Pandemic shows us why a strong science community is essential – Rebecca Wright

Science, technology, ­engineering and ­mathematics (STEM) drive societies forward, and will ­provide solutions to some of life’s most ­complex problems, such as climate change, antimicrobial resistance, and finding a cure for cancer. To tackle these challenges, it is imperative that access to STEM education is ­widened to every pupil in Scotland.

Rebecca Wright is a Lecturer at Robert Gordon University and the Biomedical Science Champion for Scotland (The Institute of Biomedical Science 2019).

In 2015, UCAS reported that 18 year-olds from Scotland’s 20 per cent least deprived communities are over four times more likely to access higher education than those from the 20 per cent most deprived communities.

This gap has narrowed in the past few years, helped by the Commission on Widening Access by the Scottish Government, outlined in A Blueprint for Fairness. This improvement can also be attributed to the widening-access initiatives at universities, which increase the opportunities for people from every background by looking at more than just academic attainment. It is important that every individual is supported to reach their potential, and this includes access to higher education.

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Widening access and inclusion in STEM is something that we should all be passionate about. Organisations with diverse workforces have a lower staff turnover, recruit from a wider talent pool and perform better financially. In 2017, the Scottish Government published its five-year STEM strategy for education and training, with the aim of building the country’s capacity to deliver STEM learning, and to close equity gaps in participation and attainment in STEM.

It outlines four key aims to inspire curiosity and innovation: developing provision for STEM learning, ­closing equity gaps in participation and attainment, inspiring individuals of all ages to continue their ­studies in STEM subjects, and connecting STEM education and training with the needs of industry.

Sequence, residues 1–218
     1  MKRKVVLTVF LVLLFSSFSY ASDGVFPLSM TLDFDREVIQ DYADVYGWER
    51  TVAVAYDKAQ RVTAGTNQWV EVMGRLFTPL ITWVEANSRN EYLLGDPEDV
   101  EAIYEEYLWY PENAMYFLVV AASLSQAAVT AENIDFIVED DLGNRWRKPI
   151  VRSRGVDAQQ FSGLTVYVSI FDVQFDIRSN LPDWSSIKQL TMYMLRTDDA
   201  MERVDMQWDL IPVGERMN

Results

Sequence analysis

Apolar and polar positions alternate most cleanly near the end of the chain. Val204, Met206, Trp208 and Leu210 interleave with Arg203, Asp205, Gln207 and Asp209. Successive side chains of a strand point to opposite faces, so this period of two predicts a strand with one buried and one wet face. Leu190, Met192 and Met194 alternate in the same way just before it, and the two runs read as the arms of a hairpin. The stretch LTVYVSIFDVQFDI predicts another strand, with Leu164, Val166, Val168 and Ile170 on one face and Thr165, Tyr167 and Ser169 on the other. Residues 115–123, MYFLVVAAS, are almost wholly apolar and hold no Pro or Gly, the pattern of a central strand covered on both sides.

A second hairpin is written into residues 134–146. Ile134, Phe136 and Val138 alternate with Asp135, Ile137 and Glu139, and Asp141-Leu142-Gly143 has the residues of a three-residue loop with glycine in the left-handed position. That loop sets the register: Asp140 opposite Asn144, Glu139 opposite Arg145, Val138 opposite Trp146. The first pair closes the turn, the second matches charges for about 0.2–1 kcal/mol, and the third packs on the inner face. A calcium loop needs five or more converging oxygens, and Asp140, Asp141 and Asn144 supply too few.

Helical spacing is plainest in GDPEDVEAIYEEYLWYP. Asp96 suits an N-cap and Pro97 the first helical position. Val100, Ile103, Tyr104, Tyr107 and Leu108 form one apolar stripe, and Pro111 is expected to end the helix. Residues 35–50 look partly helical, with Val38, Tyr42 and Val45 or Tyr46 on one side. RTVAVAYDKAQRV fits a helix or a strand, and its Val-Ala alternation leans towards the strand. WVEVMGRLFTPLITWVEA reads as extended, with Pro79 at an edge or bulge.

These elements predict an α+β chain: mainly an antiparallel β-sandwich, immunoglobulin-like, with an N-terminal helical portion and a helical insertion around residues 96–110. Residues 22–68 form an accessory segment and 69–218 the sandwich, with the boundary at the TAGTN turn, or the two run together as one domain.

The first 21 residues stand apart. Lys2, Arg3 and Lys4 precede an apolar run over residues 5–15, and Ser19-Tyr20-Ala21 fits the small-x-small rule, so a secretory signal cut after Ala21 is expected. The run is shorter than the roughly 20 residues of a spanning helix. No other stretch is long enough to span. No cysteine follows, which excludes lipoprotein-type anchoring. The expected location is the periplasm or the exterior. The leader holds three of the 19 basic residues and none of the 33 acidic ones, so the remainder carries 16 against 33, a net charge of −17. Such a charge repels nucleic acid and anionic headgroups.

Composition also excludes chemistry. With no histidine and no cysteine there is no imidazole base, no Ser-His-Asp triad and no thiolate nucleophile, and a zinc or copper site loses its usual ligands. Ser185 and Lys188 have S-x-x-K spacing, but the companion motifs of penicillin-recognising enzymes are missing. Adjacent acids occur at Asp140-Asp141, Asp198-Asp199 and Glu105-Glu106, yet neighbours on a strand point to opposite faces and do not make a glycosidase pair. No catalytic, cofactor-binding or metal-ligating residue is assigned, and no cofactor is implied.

This is something we focus on at Robert Gordon University. I have had the privilege to be part of the university’s ‘Access to’ programme: a ­widening access initiative for S5 and S6 classes to enable talented pupils from under-represented groups to achieve their ambitions of studying STEM subjects, such as ­computing and engineering. I am part of the team delivering the Access to Life Science programme, and it is so rewarding to see the development of confidence in each pupil. Encouraging curiosity and interest, by providing STEM-related experience to youngsters in this way, should start from early years. As a STEM ambassador, this is something that I am passionate about and, in particular, shining a light on my field of study, biomedical science, and the critical contribution it makes to positive patient outcomes.

Biomedical scientists are responsible for diagnosis, monitoring, treatment, and research of human health and disease. They are part of the ­modern, collaborative, multidisciplinary team that provides the world-class level of care that we see in our National Health Service. If it can be cut out, squeezed out, scraped, or filled into a tube, the biomedical scientist will analyse it.

They work in one of the broadest areas of ­modern science, specialising in infection, blood, and cellular sciences and the career paths available are diverse and expanding. To help pupils explore the role of the biomedical scientist, I have received funding from professional bodies such as the Royal College of Pathologists and the Institute of ­Biomedical Science to design and facilitate ­outreach activities. Providing immersive hands-on experiences often sees an increase in confidence and strengthens STEM-related life skills and STEM literacy.

The importance of encouraging the next generation into STEM subjects, like biomedical science, can be seen in our global response to Covid-19. Medics, scientists, engineers, and mathematicians have come together to provide care, develop new technologies for testing, and design ­models for predicting the epidemiological impact. On January 11, Chinese authorities shared the genetic sequence of the novel coronavirus, and only two days later an American biotechnology company finalised the sequence of a vaccine which then entered trials on 16 March. It will take time before we will see Covid-19 vaccines offered on a large scale, but the progress so far has been incredible.

This is an important time to be part of, and encourage others to join, the STEM community. In Scotland, it is projected that STEM-related employment will grow by 4 per cent from 2015 to 2027. This means that there will be approximately 42,600 jobs created in this area, with the most rapid growth forecasted between 2021 and 2024.

Technological advances, particularly in the field of AI and machine learning will open further opportunities to drive society forward, and those who choose to study STEM subjects today will join the careers that tackle the pandemics and technological breakthroughs of tomorrow.

Rebecca Wright is a lecturer at Robert Gordon University and the Biomedical Science Champion for Scotland (The Institute of Biomedical Science 2019). The accolade was awarded at IBMS Congress 2019, the biggest biomedical science conference in Europe, for her work in encouraging the younger generation into STEM subjects.